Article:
A laser, when stationary for observer $S$, emits light of frequency $f_o$ and wavelength $\lambda_o$. Another observer $L$ is sitting on the laser and also reports the same frequency and wavelength. $L$ is also carrying a stick of length $l_o$ in his hand.

Let's say the laser is now set in motion, moving with a velocity $v$ towards the stationary observer $S$. $S$ now sees that the harmonic oscillator generating the light wave moves in a frequency $f_o\gamma$ which thus should also be the frequency of the light wave observed by him.

The wavelength of light is now observed by $S$ to:

$$\lambda= \frac{ c-v}{f} = \frac{ c-v}{f_o\gamma} = \frac{ c-v}{c\gamma}\lambda_o$$

The length of the stick carried by $L$ is now observed by $S$ to be: $$l=\frac {l_o}{\gamma}$$

Now, imagine that both the wavelength of the light and the length of the stick observed by $S$ when $L$ is moving are actually the same.


$$\frac {l_o}{\gamma} = \frac{ c-v}{c\gamma}\lambda_o$$ $$ l_o = \frac{ c-v}{c}\lambda_o$$ $$l_o < \lambda_o$$ This would mean that $S$ observed that the length of the stick was less than the wavelength of the light when $L$ was stationary but when $L$ is in motion, they both contract to the same length.

$$l=\lambda $$ $$l_o < \lambda_o$$

Why would such two different lengths contract to be exactly the same? Or in other words, why would two different lengths face different degrees of contraction when both move with the same velocity?


2 Answers 2


While $\lambda= \frac{ c-v}{c}\gamma\lambda_o$ is correct [where $\gamma=\frac{1}{\sqrt{1-(v/c)^2}}$],
$\lambda(laser)= \frac{ c-v}{c}\gamma^2\lambda_o$ is incorrect since $\lambda(laser)\neq \gamma \lambda$.
The correct expression is $\lambda(laser)= k \lambda$, where $k=\sqrt{\frac{1+(v/c)}{1-(v/c)}}=\frac{c+v}{c}\gamma$="the Doppler factor".
Then $\lambda(laser)= k \lambda= k( \frac{ c-v}{c}\gamma\lambda_o )=\frac{c^2-v^2}{c^2}\gamma^2\lambda_o=\lambda_o$, as expected.

The length contraction formula (using $\gamma$) involves the proper-length between two parallel timelike worldlines (like the ends of a ruler).
However, the wavelength $\lambda$ is the apparent-length between two parallel lightlike "wavefront-worldlines"... and this involves the Doppler factor $k$.

Consider the following spacetime diagram on rotated graph paper.
This diagram is a little involved... so I will lead you through it.

Doppler effect - spacetime diagram on rotated graph paper

Alice is the receiver at rest.
Bob is the moving source, with velocity $v=(3/5)c$. [See triangle OPQ. $v=\frac{PQ}{OP}$ and $\gamma=\frac{OP}{OQ}$ and $k=(1+\frac{v}{c})\gamma$.] So, $\gamma=(5/4)$ and $k=2$.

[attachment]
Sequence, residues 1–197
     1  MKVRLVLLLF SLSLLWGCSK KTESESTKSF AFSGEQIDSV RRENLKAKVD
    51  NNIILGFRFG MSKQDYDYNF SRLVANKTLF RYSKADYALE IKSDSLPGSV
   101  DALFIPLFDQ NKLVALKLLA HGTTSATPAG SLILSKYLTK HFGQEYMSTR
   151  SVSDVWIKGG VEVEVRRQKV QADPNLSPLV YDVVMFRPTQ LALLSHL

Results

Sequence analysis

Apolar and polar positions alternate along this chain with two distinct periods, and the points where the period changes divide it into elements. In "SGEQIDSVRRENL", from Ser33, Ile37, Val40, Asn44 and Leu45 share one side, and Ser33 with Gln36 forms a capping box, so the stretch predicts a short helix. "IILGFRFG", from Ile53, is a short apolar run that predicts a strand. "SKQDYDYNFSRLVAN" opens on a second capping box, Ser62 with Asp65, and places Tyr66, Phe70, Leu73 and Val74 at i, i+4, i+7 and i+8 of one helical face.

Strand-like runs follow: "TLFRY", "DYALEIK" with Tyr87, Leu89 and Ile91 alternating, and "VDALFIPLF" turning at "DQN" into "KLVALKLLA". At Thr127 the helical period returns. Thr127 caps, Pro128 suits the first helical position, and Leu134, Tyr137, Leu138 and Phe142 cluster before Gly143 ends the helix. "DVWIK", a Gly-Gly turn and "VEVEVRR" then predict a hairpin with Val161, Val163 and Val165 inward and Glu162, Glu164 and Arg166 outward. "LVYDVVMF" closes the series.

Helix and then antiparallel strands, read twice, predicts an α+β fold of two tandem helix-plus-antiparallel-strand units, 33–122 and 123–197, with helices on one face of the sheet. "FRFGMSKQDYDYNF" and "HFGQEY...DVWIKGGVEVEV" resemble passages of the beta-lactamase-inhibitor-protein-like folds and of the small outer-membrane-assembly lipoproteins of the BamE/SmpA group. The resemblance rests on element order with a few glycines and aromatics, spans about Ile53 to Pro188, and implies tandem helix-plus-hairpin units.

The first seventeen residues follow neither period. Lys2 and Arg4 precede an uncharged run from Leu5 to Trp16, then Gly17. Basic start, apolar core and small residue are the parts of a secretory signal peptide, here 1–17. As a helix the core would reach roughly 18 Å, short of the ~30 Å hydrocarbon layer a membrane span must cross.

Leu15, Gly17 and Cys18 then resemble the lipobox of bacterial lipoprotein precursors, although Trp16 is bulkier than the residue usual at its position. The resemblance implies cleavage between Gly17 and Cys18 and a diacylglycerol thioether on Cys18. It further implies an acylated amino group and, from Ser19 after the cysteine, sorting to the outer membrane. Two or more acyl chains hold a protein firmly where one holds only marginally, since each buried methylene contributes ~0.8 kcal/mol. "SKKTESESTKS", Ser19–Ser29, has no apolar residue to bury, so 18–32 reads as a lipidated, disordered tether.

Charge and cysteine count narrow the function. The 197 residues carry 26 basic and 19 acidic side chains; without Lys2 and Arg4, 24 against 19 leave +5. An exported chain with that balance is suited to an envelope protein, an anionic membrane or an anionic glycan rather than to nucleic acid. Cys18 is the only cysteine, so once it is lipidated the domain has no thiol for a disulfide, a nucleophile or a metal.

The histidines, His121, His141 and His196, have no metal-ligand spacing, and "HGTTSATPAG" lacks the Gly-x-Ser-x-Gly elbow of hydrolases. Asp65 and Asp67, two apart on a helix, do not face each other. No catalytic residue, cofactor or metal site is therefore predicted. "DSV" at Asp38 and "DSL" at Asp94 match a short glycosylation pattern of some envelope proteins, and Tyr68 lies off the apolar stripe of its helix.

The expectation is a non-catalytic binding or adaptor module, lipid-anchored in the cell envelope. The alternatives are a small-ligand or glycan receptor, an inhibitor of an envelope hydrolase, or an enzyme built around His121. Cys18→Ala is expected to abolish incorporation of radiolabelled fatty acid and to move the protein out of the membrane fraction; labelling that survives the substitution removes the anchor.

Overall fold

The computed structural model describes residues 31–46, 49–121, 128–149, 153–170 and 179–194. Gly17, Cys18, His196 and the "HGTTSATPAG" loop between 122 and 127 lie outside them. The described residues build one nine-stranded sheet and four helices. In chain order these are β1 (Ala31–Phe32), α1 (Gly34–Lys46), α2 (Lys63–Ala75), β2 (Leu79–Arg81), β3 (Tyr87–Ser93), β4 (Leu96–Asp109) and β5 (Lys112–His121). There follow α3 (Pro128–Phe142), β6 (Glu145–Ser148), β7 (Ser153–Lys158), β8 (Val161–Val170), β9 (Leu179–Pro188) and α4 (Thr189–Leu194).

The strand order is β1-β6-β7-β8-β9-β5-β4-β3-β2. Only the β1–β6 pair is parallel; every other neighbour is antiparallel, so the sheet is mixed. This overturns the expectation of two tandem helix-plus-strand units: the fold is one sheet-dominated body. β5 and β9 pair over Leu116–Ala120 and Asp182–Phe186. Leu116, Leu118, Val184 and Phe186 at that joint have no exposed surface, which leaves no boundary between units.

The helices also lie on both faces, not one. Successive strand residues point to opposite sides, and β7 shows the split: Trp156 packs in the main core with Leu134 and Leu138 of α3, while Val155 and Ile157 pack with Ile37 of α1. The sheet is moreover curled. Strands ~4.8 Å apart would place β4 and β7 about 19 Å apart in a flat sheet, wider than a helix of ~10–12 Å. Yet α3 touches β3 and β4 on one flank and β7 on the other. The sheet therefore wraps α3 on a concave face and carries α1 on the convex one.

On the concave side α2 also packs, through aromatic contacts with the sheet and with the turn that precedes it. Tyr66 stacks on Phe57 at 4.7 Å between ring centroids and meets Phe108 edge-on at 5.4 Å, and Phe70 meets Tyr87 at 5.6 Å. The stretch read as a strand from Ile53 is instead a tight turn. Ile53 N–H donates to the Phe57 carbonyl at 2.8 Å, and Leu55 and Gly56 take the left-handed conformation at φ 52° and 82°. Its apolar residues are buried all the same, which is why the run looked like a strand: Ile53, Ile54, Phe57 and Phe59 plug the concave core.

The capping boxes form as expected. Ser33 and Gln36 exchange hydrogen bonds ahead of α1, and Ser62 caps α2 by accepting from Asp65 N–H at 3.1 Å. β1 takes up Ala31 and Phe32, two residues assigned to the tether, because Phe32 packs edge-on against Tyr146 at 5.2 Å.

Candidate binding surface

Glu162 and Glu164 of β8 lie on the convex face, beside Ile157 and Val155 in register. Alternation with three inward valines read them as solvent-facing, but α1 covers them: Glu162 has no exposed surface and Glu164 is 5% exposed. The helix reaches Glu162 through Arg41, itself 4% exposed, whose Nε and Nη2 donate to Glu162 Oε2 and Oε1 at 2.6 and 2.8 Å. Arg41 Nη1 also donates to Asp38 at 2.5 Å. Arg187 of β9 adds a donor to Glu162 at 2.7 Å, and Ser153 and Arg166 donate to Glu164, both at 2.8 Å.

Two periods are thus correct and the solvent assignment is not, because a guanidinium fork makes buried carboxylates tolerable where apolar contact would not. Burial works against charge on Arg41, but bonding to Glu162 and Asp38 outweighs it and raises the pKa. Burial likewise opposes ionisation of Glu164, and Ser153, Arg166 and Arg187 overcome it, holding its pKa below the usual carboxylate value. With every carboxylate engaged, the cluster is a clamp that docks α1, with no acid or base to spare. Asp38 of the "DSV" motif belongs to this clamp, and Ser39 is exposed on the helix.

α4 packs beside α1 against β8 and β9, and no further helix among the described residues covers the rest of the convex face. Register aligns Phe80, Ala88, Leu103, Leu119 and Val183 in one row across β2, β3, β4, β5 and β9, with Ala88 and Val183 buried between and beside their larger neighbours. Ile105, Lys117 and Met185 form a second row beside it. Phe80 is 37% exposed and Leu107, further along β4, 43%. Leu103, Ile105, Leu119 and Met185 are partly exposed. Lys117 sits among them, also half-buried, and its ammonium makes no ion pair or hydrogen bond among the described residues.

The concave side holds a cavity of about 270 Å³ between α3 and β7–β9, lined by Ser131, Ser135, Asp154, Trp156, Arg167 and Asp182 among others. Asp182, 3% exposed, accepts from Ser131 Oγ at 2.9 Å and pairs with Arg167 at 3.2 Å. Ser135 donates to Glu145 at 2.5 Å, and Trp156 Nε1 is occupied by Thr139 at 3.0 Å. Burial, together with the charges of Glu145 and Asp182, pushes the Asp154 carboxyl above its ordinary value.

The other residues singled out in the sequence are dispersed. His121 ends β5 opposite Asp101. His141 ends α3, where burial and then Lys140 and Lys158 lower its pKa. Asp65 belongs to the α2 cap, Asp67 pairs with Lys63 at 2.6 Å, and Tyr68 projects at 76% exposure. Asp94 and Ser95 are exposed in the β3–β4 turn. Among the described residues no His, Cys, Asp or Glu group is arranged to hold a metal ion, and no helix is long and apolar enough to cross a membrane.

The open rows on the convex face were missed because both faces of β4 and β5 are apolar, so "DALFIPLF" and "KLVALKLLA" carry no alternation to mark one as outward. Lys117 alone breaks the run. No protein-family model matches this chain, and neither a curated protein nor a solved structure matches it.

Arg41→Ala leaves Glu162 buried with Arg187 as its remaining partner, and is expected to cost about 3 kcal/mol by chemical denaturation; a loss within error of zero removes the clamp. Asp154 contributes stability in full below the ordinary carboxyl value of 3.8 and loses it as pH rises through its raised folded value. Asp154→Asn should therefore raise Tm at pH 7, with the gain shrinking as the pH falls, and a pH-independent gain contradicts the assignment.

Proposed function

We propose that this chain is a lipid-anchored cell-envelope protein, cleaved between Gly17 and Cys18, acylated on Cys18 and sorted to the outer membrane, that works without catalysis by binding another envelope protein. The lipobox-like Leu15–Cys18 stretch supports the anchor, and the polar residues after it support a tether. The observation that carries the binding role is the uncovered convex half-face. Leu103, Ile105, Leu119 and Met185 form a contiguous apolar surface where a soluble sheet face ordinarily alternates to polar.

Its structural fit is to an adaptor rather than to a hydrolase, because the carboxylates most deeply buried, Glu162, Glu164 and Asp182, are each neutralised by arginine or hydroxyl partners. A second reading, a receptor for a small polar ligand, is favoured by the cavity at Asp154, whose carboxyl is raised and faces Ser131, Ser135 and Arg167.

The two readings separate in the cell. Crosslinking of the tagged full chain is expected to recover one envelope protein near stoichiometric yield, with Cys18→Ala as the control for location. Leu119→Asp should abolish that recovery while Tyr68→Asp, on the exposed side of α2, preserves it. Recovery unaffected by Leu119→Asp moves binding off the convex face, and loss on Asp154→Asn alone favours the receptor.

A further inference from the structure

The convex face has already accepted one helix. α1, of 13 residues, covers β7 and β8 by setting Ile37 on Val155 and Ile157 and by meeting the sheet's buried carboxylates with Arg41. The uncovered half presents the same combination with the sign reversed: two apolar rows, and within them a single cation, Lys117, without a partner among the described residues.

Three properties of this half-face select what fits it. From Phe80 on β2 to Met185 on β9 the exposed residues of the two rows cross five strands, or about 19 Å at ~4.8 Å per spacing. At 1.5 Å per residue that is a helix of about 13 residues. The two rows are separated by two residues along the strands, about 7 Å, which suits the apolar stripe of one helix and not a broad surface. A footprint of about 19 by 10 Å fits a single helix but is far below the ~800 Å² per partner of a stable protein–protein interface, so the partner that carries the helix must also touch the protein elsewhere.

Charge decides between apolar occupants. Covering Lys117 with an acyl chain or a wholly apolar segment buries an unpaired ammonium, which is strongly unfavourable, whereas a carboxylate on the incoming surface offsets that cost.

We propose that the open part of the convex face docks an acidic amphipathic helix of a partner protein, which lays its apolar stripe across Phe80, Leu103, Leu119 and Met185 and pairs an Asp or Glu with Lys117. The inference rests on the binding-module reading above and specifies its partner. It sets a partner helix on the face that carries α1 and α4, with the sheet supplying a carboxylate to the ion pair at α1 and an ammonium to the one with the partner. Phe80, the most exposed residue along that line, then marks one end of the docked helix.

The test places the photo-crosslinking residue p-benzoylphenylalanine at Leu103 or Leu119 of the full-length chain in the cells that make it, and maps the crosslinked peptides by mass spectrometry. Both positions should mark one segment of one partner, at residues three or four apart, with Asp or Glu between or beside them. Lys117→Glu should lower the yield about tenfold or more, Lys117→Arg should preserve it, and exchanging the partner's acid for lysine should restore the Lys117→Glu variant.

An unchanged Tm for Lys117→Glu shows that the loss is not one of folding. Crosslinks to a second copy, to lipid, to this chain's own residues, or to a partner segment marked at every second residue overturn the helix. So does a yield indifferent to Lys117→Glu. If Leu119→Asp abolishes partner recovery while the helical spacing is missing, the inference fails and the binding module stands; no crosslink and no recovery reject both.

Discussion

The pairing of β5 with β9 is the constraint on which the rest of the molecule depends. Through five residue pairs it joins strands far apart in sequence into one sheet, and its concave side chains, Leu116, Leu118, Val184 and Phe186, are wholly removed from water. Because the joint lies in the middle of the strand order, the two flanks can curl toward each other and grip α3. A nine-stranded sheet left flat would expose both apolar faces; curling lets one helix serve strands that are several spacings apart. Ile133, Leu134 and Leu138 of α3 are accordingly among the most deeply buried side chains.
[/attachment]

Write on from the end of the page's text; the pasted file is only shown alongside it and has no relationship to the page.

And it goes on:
Suppose Bob carries a ruler of proper-length $L=10$ (along OY, between worldlines OQ and its parallel XY) and happens to emit light with source-wavelength $\lambda_0=10$ (along OY, between the forward light rays emitted by Bob at events E and O).

Alice observes

  • Bob's ruler along OX to be $L_{Alice}=\frac{L}{\gamma}=\frac{(10)}{(5/4)}=8$ (length contraction).
  • the distance between wavefronts along OW as $\lambda_{rec, Alice}=\frac{1}{k}\lambda_o=\frac{1}{(2)}(10)=5$ (Doppler effect).

For completeness, I use the diagram to derive your first equation.

  • The source wavelength in the source frame is $\lambda_o=OY=10$
  • The source period in the source frame is $T_o=EO=10$
  • The source period in the receiver frame is $T_{o,Alice}=FO=EG=\gamma EO=(\frac{5}{4})10=12.5$.
  • In elapsed time $T_{o,Alice}$, Alice observes
    • the light ray from event E move a distance $GW=c\ EG=(1)(12.5)=12.5$.
    • the source move a distance $GO=EF=v\ EG=(\frac{3}{5})(12.5)=7.5$
      (to event O, when it sends out the next light ray)
    • the wavelength as $\lambda=\lambda_{rec}=OW=(GW-GO)=(c-v)\gamma T_0=(1-\frac{3}{5})(\frac{5}{4})(10)=5$
    • the receiver period $T_{rec,Alice}=NO=\frac{OW}{c}=5$.

Thus, $\lambda=\lambda_{rec}=OW=(c-v)\gamma T_0=(c-v)\gamma \frac{\lambda_0}{c}=\frac{c-v}{c}\gamma OY=\frac{1}{k} OY$


The person not moving relative to the laser will observe a wavelength $\lambda_{\rm o}$ whatever wavelength the observer moving relative to the laser measures.

You cannot then transform from the frame which is moving relative to the laser to the frame of the laser as there is no source of light in the frame moving relative to the laser.

The HyperPhysics article Relativistic Doppler Shift shows which formulae you should be using or the low speed approximation.

A formula like $\lambda(laser)= \frac{ c-v}{c}\lambda_o$ which is derived for mechanical waves should not be used and "So, the person on the laser sees the wavelength to decrease." is not true.


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